Steel Magnolias Sally Field, Daryl Hannah, Olympia Dukakis, Shirley Maclaine, and Dolly Parton (REX)
Steel Magnolias' Sally Field, Daryl Hannah, Olympia Dukakis, Shirley MacLaine and Dolly Parton (REX)


The importance of maintaining a girl gang

Sali Hughes relies on her female friends for profound truths and raucous, life-affirming laughs

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By Sali Hughes on

Tomorrow, I’m off for Christmas lunch with the girls. When I say “the girls”, what I actually mean is a group of women, all of them very grown up, who get together on a quarterly basis to get blind drunk, moan about government and the difficulty in finding frocks with sleeves, then hatch upwards of four plans to change the world, all of which are forgotten by the time we fall through our respective front doors. Last month, another group of women travelled to my house from South Wales, Manchester, Leeds and London to laugh, dance, eat and drink to excess for three days, during which time, literally no subject was off limits – the filthier the better. Between Christmas and New Year I’ll be brunching with yet another girl gang who meet every three months for fried eggs, bloody Marys and a giggling debrief of life since the last. 

It’s only in the last ten years or so that I’ve come to realise I need regular women-only company like I need food and lodging. There was a time when just the sound of a girls’ night out in the street genuinely made me feel a bit frightened and anxious. A childhood of being bullied by a gang of mean girls almost certainly contributed to my tomboyishness, as did an upbringing surrounded entirely by brothers and a single dad. But also, I was less considered and considerate, consumed by pretty crap romantic relationships with men, and generally sought female friendships only with women who’d also run a mile from a hen night. But somewhere around my late twenties, something shifted. Big changes were happening in my life – marriage, children, an acceleration of my career – and I needed the shared experience, insight, empathy and counsel of other women to make sense of the madness. 

Nowadays, I can’t imagine life without the scaffolding of female friendship groups. If someone’s toddler won’t sleep, someone in our gang can provide personal assurances that everything will become dramatically better in precisely 18 months. If another is having husband trouble, we’ve about 110 years’ of combined relationship lessons on which to draw. When one of our own is enduring job trauma, we rally to remind her how completely ace she is. But crucially, there’s much more than unanimous encouragement. 

There’s something about a female-only gathering that reminds us of who we are when briefly not someone’s wife, mother, boss or employee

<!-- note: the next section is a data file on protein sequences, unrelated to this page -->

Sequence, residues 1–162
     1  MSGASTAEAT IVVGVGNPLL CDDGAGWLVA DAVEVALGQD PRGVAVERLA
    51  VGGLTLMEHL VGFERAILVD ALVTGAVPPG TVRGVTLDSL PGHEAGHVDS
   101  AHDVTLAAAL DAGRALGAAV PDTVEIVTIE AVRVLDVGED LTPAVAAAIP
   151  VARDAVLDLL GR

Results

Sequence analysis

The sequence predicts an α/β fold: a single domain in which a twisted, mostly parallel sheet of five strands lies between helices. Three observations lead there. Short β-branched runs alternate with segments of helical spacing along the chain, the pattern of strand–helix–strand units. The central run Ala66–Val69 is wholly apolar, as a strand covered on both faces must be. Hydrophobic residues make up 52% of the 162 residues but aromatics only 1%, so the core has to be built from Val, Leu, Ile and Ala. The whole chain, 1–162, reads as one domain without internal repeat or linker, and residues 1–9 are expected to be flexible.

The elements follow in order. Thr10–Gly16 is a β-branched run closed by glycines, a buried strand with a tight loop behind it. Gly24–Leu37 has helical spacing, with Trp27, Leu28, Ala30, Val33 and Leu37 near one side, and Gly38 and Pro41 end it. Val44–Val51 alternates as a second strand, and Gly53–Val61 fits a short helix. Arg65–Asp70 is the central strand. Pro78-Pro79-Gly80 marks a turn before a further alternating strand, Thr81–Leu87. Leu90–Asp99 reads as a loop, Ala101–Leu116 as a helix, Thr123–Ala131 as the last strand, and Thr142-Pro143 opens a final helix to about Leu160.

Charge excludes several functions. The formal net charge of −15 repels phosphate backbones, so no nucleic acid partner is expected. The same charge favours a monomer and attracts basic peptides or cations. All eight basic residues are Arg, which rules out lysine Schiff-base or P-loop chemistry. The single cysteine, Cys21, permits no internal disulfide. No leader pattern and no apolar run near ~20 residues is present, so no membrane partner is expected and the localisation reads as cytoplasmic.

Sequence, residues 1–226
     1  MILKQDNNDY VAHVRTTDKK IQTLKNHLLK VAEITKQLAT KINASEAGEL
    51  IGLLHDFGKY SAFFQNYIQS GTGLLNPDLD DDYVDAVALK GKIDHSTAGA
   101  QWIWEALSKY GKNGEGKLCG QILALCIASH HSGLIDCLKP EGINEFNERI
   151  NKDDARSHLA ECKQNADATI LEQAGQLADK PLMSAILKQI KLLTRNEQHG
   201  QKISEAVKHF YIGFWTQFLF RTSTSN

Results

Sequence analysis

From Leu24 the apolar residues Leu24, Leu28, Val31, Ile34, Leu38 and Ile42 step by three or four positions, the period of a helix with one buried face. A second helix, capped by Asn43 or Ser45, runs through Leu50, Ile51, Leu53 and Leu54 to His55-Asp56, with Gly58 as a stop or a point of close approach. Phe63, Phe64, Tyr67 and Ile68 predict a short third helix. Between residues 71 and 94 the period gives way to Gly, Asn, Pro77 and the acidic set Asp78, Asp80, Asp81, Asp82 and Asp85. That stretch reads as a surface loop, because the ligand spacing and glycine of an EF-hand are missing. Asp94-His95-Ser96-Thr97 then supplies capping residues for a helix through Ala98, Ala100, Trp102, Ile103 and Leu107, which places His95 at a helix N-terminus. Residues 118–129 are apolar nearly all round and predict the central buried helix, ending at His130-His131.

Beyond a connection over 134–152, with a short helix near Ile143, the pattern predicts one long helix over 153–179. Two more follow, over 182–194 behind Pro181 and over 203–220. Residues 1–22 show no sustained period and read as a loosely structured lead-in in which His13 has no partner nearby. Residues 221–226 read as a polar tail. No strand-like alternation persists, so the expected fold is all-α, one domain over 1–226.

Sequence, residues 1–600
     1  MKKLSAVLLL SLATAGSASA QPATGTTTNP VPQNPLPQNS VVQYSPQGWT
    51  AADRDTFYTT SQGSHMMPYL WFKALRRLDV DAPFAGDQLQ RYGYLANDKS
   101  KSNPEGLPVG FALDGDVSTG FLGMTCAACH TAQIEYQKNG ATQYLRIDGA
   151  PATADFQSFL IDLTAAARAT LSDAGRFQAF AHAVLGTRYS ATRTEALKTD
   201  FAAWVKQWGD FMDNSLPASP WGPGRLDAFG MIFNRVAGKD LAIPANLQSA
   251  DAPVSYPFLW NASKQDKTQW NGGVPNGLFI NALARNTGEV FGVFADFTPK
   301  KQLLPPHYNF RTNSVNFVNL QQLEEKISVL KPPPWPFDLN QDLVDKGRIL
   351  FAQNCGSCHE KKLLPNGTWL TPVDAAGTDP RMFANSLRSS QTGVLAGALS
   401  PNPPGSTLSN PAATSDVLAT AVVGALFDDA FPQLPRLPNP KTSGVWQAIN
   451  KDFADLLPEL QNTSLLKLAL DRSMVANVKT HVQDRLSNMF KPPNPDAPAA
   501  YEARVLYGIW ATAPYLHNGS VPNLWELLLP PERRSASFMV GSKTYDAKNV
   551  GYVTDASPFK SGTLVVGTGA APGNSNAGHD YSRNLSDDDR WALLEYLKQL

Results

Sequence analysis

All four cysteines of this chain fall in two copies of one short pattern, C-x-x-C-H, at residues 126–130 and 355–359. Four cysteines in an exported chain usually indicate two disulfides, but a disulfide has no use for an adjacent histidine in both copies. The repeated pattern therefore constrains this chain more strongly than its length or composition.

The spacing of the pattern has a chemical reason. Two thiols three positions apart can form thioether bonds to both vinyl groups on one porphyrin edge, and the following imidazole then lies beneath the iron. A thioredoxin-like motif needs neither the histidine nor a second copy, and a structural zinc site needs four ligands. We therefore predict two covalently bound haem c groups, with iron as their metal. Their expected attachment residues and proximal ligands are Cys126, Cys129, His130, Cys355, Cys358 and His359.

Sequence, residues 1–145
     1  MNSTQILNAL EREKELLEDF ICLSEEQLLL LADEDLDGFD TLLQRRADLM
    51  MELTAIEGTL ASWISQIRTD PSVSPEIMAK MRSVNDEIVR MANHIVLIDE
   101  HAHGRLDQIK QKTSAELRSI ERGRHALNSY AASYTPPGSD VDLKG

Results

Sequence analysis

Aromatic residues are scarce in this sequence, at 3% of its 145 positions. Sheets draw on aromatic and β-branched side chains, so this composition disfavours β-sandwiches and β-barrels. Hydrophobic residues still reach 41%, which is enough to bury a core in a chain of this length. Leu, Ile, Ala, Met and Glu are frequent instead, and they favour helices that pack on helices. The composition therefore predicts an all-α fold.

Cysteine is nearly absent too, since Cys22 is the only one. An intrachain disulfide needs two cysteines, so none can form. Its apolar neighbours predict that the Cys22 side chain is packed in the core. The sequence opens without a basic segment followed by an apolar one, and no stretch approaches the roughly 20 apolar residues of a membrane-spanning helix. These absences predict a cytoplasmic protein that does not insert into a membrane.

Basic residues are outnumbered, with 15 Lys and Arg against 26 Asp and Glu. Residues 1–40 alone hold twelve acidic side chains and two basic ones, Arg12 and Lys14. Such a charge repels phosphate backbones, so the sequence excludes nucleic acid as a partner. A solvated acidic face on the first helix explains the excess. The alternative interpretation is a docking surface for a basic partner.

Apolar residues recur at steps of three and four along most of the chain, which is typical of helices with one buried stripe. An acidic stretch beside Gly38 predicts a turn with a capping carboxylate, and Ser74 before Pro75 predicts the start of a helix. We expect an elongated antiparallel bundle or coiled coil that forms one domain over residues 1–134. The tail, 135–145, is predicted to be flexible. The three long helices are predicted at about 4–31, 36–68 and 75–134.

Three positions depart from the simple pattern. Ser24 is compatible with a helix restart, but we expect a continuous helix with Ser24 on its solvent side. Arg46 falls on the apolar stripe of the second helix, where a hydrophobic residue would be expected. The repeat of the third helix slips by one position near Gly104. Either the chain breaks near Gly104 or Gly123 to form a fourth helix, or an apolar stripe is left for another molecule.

A highly important function of female friendship groups is to step in when someone is either in the process of, or about to make, a really bad decision. It’s a firm but kind and caring intervention, in which women who want only the best for one another sit you down and say “Delete the tweet”, “Write that book or you will cry”, or “Babe, buying eyelashes for your car headlights suggests a dark pre-menstrual episode – here, lie under this soft blanket with a Babybel”. It’s a sisterly talk down from the ledge, a protective measure to stop one of your own making a hash of things, or an absolute tool of herself. I’ve lost count of the number of occasions on which I’ve read about some mortifying or tragic incident involving a female celebrity and immediately thought, “Where the hell are her girls!?”

There’s a unique and almost magical dynamic between women who love and respect one another that I’m not sure can ever exist between a mixed gendered group, much as I adore my male friends in a different way. Certainly, none of my exes has ever had an equivalent of his own (and they’ve all been reliably stunned by the level of detail and depth of emotion shared between my girls). I wonder how men navigate life without that same spiritual crash mat, because for me, seeing no upcoming girl-only engagements in my diary is like opening the fridge and finding no milk. I rectify as a priority because I know that without women time, the world begins to look the wrong way around. I need a reason to get out of my writing pyjamas and put on some heels and a good bag, or to laugh until I’m barely able to breathe, or to feel the release of bellowing out the lyrics to Like a Prayer in a drunken chorus of bawdy, like-minded broads. It’s not just fun, it’s positively necessary for my continued mental health. It resets the dials on my life.

Yesterday, when I asked some girlfriends why they felt the same, we reached unanimous agreement that our friendships with other women allowed us to better connect with ourselves. We all love our partners deeply, but there’s something about a female-only gathering that reminds us of who we are when briefly not someone’s wife, mother, boss or employee. With my women, I’m just me, and that’s intoxicating. I can swear as much as I want, say how I really feel about things, sneak a cigarette, sing badly and dance like an idiot, remember that I’m good at telling jokes and okay at dispensing advice. I’m loved, accepted and under no pressure to impress. I feel free, equal, positive about myself and my life outside of the group. I invariably return home to my house full of beloved boys and men with deeper appreciation and renewed vigour. Until six weeks later, when my soul starts clucking for a top-up.


Steel Magnolias' Sally Field, Daryl Hannah, Olympia Dukakis, Shirley MacLaine and Dolly Parton (REX)
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